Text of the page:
Verbal Ability and Teacher Effectiveness

Article excerpt

In June 2002, U.S. Secretary of Education Rod Paige issued the annual report on teacher quality, Meeting the Highly Qualified Teacher Challenge (U.S. Department of Education, 2002). In this report, the secretary echoed and amplified the sentiments of several of the most vocal critics of traditional teacher preparation (Haycock, 1998; Finn, 2001; Walsh, 2001). Secretary Paige's message regarding teacher selection was that "the only measurable teacher attributes that relate directly to improved student achievement are high verbal ability and solid content knowledge" (U.S. Department of Education, 2002, p. 39). Secretary Paige goes on to suggest that "mandated education courses, unpaid student teaching, and the hoops and hurdles of the state certification bureaucracy" (p. 40) discourage the best potential teachers.

The secretary's report reflects one side of a battle among (a) the traditional gatekeepers of the teaching profession (colleges and the states); (b) the education reformists who would more closely regulate teacher education, most notably, those responsible for the reports of the National Commission on Teaching and America's Future; and (c) the deregulationists who wish to strip states, the National Council for the Accreditation of Teacher Education, and traditional teacher preparers of their monopoly on teacher preparation. The latter group, to which Secretary Paige pays special heed, sees little use for traditional teacher preparation programs, backs policies to deregulate teacher education and to offer school-based alternative routes to licensure, and supports a definition of a highly qualified teacher as one with strong verbal ability and good subject-matter background.

Secretary Paige's message could not have been clearer. He portrays traditional teacher education programs as obstacles to the goal of more highly qualified teachers. He seems to assume that only verbal ability and content knowledge matter. What most would assume are necessary ingredients of good teaching, he portrays as sufficient and seeks to exclude formal teacher preparation as unnecessary. Several educators have responded with alarm to these conclusions. Perhaps the most thorough rebuttal of Secretary Paige's claims and those made earlier by Walsh (2001) came in the December 2002 issue of Educational Researcher in an article by Darling-Hammond and Youngs. These authors take on all of the claims made regarding teacher preparation and teacher effectiveness. A barrage of claims and counterclaims has followed. Much of the contention has surrounded a few research studies (Ferguson, 1991; Ferguson & Ladd, 1996; Greenwald, Hedges, & Zaine, 1996; Hanushek, 1971). Each side has used these studies to support its own position--sometimes, the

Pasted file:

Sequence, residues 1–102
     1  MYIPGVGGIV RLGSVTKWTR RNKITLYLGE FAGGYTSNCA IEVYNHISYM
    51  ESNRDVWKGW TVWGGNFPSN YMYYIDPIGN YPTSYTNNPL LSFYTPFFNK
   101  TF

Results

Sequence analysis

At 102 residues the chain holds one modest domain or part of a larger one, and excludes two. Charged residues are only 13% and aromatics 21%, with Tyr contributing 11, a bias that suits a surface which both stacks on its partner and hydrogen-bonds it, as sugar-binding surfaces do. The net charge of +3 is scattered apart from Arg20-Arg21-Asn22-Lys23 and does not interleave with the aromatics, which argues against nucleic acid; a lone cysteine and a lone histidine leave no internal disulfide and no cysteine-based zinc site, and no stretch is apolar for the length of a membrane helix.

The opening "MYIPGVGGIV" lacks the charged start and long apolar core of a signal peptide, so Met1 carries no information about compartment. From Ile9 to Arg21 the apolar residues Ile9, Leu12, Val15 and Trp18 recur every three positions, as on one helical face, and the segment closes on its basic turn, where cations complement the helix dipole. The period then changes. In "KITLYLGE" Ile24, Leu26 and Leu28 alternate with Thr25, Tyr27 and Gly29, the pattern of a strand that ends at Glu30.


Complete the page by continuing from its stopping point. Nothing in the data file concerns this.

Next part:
same study is used to support contrary claims. This pattern seems characteristic of many battles in education--battles in which sides are taken on the basis of philosophy and ideology and in which "scientific" evidence is chosen because it props up one's predetermined viewpoint.

Our goals in this article are to discuss the relationship of verbal ability and teacher effectiveness, to review previous research, and to explore implications of choosing teachers on the basis of verbal ability. To make the case, we include a commonsense discussion of the relationship of verbal ability and teacher effectiveness and describe a research study that used a rigorous measure of teachers' verbal ability (the verbal test of the Graduate Record Examination).

THE LOGICAL ARGUMENT FOR VERBAL ABILITY AND TEACHER EFFECTIVENESS

Defining Verbal Ability

What is verbal ability? In general usage, verbal ability refers to a person's facility at putting ideas into words, both oral and written. This facility involves possessing not only a strong working vocabulary but also the ability to choose the right words to convey nuances of meaning to a chosen audience. Verbal ability also includes the ability to organize words in coherent ways. …